Outdoor Active Play

Children will spend approximately 30 minutes each preschool session (rain or shine, snow or ice) outdoors engaged in active play. It is very rare for the weather to prevent us going outdoors at all.

Children will be encouraged to run, jump, climb, ride bikes, sled in the snow, and dig in the sand in our outdoor area. Sometimes outdoor play will involve a walk in the neighboring forest where children will navigate the forest path by climbing over and under branches and running along the paths.

Neighborhood walks will be also taken occasionally. Group games such as “What Time is it Mr. Wolf”, “Follow the Leader”, “Farmers in the Dell” and Parachute games will be played on the tennis courts or in Anmore’s Spirit park which has a large space to facilitate active group games.


Global Awareness

Children learn about other cultures and traditions by providing hands on exploration through cooking, dance, music, instruments, stories clothing and materials.


Art

Open shelves with an array of different art tools and materials are available for the children to choose from and create artwork. The emphasis is on choice, decisions, and process, not product. Other open-ended art activities such as ice-cube, string or marble painting are also set up in this area. Exposure to the paintings of great artists such as Emily Carr and Chagall are present for inspiration.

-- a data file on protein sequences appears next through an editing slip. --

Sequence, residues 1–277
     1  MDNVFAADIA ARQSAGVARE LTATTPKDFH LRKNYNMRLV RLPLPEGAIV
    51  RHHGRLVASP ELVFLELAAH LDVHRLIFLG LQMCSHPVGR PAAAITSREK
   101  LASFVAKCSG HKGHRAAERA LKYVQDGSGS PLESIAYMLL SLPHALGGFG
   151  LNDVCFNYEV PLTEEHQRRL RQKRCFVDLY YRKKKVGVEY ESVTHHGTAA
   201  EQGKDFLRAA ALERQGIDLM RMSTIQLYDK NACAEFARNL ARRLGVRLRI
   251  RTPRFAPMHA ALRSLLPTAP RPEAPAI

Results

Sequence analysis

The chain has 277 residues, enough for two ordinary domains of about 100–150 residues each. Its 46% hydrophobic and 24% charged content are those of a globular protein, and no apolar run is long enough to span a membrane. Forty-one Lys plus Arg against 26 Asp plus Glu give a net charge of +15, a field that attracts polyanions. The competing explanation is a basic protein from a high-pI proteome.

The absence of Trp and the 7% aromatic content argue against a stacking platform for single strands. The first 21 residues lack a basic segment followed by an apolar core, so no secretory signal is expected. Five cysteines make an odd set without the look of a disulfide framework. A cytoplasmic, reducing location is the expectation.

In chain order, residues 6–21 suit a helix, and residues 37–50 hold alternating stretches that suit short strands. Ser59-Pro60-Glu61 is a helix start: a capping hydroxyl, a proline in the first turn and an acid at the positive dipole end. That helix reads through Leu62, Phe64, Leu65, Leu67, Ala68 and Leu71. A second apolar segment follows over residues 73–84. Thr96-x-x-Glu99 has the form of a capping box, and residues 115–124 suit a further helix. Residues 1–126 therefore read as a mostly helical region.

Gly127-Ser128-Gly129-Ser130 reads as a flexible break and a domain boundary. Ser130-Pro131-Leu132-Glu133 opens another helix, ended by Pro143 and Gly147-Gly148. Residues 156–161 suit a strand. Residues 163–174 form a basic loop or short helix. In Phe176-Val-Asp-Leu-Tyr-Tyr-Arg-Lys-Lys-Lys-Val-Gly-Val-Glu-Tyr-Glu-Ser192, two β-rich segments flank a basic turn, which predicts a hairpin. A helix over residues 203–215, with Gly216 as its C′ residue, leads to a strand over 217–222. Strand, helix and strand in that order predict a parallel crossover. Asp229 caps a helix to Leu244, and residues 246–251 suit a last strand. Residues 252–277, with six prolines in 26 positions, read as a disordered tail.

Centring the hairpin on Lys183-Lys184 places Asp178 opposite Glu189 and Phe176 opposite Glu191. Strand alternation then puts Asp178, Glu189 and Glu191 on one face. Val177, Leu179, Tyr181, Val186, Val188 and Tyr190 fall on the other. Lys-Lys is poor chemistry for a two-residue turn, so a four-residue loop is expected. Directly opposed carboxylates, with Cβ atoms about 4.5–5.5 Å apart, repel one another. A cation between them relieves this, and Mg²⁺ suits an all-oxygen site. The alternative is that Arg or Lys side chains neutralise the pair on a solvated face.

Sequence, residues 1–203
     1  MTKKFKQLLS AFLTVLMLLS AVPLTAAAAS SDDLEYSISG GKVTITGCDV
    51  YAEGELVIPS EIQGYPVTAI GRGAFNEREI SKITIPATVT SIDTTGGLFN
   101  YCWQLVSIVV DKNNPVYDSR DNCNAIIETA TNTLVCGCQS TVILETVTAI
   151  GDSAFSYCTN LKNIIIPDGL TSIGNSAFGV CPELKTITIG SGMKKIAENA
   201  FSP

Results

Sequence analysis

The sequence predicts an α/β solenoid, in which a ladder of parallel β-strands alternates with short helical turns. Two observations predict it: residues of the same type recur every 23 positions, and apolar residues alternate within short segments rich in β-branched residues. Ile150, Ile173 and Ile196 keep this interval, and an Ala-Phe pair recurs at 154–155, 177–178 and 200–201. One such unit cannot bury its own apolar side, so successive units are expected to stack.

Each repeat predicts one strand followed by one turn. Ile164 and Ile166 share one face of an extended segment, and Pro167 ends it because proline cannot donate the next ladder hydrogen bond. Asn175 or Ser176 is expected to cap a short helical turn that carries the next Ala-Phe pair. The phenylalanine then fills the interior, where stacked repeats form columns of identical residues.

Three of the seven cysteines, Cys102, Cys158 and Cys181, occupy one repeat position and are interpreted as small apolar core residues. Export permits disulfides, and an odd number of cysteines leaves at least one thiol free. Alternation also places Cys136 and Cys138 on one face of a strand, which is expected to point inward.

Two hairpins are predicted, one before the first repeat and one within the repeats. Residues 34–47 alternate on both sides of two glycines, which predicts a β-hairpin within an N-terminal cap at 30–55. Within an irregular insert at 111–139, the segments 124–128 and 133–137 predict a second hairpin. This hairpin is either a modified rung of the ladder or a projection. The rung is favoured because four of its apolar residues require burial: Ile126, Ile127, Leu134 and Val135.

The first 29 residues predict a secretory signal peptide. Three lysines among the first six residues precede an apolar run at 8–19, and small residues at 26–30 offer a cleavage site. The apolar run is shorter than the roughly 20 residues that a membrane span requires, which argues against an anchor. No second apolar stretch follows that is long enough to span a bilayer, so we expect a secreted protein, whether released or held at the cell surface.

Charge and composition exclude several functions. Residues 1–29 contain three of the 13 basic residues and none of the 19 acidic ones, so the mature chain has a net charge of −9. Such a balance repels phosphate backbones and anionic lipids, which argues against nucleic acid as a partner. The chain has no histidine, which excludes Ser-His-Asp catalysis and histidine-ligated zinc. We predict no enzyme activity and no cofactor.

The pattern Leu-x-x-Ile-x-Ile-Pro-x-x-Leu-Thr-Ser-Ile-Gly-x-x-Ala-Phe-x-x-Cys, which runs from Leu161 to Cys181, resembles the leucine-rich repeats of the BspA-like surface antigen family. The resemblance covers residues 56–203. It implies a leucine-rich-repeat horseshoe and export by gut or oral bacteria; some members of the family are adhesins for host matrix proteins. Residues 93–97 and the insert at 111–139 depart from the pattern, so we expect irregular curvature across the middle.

Dramatic PlayDramatic Play

This type of play is where children accept and assign roles to one another. It is a time when the pretend to be something or someone and they create situations and actions to go along with these roles. Children are actively experimenting with the social and emotional roles of life. By providing various types of dramatic play children engage themselves in different roles.


Language and Emergent Reading and Writing